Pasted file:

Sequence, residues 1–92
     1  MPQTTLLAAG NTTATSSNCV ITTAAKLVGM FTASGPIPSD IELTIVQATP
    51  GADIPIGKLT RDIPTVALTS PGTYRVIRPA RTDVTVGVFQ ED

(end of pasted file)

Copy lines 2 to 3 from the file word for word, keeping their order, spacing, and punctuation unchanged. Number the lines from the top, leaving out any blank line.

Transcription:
     1  MPQTTLLAAG NTTATSSNCV ITTAAKLVGM FTASGPIPSD IELTIVQATP
    51  GADIPIGKLT RDIPTVALTS PGTYRVIRPA RTDVTVGVFQ ED